As their vows of sanctity echoed through the hollow, they awoke a century old curse which vowed to never let love enter its hills again. Now forced to confront both their inner demons and ghosts from the past, Nora and Ned must fight to uproot the seeds of lost love and despair and bring new life to the plagued, barren land.

My Thoughts on the Book

Neverlasting was dark and hauntingly beautiful. This Corpse Bride found it mesmerizing from the first word! I’m sure that fans of Tim Burton and Edgar Allen Poe will also love this –  dark curses, stricken haunted graveyards, creepy mansions and neverlasting love. The book starts with the sad tale of Barron Victor Von Herring and the untimely death of his one true love, his wife Eva LaMoure. Driven to madness by the loss of his love the Barron puts a terrible curse on the land.

When love’s young dream Ned and Nora decide to wed at Herring Grove, spooky dramatic scenes unfold. The early scenes with Nora and Ned were intimate and lovely despite their love for the spookier side of life. The entwining of their souls and the descriptions of their graveyard wedding was delightful. The macabre romance spoke to my own dreadfully romantic side. The later scenes are action packed and wonderfully grim.

The reading of the book was poetic and downright beautiful. The accompanying sounds and evocative reading played through my phone like a wonderful melody. I could see all the scenes so vividly in my head. The tale reached its climatic and slightly dreadful ending, surprising me and leaving me slightly melancholy.

I adored Neverlasting. The only downside for me was that it ended too soon. I can’t wait to re-listen to this!! It introduced me to the joys of the audio book which has changed car journeys to work for me for nevermore!

Purchase Links

Amazon US: https://www.amazon.com/Neverlasting-Johnny-Daggers/dp/0997773014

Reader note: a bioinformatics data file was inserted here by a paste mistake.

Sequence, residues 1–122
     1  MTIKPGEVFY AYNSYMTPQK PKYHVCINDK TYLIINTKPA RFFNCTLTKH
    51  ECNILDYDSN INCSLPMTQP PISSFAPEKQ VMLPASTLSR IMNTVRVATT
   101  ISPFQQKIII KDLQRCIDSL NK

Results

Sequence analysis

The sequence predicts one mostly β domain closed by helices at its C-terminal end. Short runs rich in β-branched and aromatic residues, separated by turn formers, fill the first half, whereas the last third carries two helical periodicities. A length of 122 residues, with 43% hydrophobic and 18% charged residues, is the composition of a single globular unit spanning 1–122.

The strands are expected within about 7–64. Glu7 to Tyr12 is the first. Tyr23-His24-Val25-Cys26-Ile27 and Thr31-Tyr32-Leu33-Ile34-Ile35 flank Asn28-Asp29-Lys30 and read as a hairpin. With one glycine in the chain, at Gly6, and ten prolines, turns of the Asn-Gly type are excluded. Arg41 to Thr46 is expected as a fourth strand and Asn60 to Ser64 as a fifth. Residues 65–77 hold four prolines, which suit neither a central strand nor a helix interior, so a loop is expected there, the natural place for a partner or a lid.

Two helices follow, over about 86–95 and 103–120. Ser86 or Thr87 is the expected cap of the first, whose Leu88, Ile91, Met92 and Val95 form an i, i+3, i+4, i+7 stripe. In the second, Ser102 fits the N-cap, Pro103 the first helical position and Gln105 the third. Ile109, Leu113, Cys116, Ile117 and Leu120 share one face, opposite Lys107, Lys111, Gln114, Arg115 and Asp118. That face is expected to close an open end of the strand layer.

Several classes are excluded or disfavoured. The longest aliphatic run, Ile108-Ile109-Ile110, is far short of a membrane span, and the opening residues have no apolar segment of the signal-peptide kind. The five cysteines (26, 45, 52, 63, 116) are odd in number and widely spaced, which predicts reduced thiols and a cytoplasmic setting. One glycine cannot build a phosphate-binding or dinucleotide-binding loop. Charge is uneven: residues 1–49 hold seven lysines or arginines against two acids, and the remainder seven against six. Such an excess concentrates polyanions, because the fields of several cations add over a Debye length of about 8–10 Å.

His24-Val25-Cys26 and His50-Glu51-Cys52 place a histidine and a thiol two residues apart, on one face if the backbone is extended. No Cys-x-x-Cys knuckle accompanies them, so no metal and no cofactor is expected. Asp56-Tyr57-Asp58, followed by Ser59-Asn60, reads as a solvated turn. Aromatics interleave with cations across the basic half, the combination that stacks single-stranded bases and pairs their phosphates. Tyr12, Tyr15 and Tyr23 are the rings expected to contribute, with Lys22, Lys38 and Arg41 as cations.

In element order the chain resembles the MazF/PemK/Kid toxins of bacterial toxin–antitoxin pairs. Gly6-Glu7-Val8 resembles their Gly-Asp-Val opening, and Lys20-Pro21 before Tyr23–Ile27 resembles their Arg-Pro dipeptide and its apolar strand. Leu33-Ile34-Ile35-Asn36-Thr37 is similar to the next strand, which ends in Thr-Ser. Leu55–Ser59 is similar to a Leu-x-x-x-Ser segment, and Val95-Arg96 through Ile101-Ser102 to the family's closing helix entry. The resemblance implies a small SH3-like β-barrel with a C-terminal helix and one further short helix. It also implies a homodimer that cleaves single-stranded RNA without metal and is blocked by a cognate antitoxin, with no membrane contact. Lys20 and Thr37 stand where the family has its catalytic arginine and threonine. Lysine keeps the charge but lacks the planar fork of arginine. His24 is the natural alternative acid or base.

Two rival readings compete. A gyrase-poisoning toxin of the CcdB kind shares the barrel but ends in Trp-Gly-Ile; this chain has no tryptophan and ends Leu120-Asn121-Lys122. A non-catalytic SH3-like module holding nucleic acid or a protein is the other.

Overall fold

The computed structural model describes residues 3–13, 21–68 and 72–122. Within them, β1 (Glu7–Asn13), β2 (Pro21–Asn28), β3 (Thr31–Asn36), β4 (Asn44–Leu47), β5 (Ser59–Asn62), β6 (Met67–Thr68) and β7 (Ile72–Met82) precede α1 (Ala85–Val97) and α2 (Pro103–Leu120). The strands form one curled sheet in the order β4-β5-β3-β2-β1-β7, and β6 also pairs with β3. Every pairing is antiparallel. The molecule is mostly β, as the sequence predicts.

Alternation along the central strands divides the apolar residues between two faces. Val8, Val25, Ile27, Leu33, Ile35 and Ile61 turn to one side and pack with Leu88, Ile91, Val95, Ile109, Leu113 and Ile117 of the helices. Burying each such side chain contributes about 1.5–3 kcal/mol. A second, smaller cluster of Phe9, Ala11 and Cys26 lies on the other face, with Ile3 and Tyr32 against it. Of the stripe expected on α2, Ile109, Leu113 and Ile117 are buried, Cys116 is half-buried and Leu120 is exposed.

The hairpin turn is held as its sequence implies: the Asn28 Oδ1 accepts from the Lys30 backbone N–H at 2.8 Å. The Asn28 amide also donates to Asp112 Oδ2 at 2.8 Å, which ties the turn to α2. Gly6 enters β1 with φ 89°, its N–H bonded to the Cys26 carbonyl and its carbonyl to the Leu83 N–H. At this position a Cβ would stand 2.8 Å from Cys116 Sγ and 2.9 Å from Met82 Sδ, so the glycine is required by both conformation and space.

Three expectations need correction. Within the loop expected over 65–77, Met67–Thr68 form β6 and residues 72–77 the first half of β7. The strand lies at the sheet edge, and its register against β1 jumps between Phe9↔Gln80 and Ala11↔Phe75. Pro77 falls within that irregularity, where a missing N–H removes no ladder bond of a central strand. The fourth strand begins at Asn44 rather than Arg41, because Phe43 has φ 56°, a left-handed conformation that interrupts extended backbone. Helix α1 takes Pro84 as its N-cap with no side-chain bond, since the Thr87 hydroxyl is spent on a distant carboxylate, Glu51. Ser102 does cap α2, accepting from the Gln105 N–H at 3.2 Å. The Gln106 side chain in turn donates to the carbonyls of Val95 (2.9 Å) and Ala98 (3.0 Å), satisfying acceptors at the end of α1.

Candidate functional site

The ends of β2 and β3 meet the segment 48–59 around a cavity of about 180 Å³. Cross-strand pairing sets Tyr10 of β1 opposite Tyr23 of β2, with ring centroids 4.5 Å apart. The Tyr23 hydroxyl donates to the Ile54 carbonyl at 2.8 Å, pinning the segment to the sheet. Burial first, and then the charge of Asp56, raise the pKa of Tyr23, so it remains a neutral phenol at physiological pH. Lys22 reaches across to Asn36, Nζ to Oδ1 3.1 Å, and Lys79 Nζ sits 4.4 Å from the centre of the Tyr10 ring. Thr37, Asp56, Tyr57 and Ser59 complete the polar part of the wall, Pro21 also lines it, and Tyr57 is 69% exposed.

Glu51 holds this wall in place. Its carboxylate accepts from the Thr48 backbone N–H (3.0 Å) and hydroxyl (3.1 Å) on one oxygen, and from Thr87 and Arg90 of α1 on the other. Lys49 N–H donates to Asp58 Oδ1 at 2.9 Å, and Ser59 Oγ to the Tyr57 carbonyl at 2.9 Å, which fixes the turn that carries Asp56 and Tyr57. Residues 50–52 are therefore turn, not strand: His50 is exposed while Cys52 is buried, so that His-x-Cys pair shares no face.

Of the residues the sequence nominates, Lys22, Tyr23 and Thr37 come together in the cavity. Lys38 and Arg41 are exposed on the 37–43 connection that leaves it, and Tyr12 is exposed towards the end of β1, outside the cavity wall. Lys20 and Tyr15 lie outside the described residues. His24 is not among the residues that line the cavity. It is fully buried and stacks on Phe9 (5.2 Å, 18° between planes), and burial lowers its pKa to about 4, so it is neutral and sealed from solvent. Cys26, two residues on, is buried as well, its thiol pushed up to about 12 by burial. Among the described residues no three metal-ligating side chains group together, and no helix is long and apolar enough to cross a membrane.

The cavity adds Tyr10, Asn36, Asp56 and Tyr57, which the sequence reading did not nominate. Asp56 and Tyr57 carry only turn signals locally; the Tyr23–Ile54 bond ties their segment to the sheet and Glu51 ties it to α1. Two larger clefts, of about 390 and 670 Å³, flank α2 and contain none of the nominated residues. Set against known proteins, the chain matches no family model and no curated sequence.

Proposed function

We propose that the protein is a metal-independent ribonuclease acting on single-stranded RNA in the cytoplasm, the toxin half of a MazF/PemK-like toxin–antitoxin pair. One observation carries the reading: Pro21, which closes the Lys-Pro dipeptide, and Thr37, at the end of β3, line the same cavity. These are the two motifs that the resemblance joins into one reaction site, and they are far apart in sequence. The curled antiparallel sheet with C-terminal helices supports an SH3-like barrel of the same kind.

Amazon UK: https://www.amazon.co.uk/d/cka/Neverlasting-Johnny-Daggers/0997773014

About the Author

Neverlasting

Johnny Daggers was born October 7th, 1974, to John P. Ellenberger and Georgeann Graff, in Latrobe, Pennsylvania, a small rural town located approximately 40 miles east of Pittsburgh. He became obsessed with the macabre at a very early age. At the young age of 4, Johnny recalls his mother finding him alone, crying on the kitchen floor. When she asked “what is wrong?”, Johnny sullenly replied, “I only have 70 years of life left to live”. Yes, by the age of 4, Johnny had already begun questioning his own mortality. This fascination with death only continued to grow the older Johnny got. He frequently and openly discusses his personal experiences with ghosts. By the age of 12, Johnny began to log his encounters in notebooks, and it was around this time that he began to undertake writing as a passion. Much of his early writings still exist in these personal notebooks that somehow managed to survive the past thirty some years. Perhaps we will see a collection of past and present work as an official anthology in the future? You can find out more on Johnny by clicking here.

 

 

Darren Shan/ Dash interview – Christmas, writing and An Other Place!